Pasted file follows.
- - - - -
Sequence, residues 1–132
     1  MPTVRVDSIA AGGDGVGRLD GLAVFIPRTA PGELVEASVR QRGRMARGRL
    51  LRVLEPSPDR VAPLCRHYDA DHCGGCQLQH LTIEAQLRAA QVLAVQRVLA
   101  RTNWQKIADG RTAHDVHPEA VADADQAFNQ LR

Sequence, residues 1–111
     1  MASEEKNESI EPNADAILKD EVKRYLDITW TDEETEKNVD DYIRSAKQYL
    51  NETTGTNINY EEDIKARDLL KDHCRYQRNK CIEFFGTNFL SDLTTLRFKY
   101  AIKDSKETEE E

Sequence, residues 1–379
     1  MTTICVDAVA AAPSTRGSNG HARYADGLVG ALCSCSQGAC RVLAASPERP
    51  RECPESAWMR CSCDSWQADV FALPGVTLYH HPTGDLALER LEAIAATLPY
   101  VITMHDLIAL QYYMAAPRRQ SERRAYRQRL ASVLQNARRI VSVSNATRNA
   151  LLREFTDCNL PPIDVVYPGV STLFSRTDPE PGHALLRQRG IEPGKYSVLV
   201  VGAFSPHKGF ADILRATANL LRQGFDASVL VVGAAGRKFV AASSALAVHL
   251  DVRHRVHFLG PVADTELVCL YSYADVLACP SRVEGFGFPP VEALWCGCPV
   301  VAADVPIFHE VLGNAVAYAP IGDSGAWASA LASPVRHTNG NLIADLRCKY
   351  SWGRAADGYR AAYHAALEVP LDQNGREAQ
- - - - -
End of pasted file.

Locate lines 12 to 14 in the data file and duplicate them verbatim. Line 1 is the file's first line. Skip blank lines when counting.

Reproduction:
   101  VITMHDLIAL QYYMAAPRRQ SERRAYRQRL ASVLQNARRI VSVSNATRNA
   151  LLREFTDCNL PPIDVVYPGV STLFSRTDPE PGHALLRQRG IEPGKYSVLV
   201  VGAFSPHKGF ADILRATANL LRQGFDASVL VVGAAGRKFV AASSALAVHL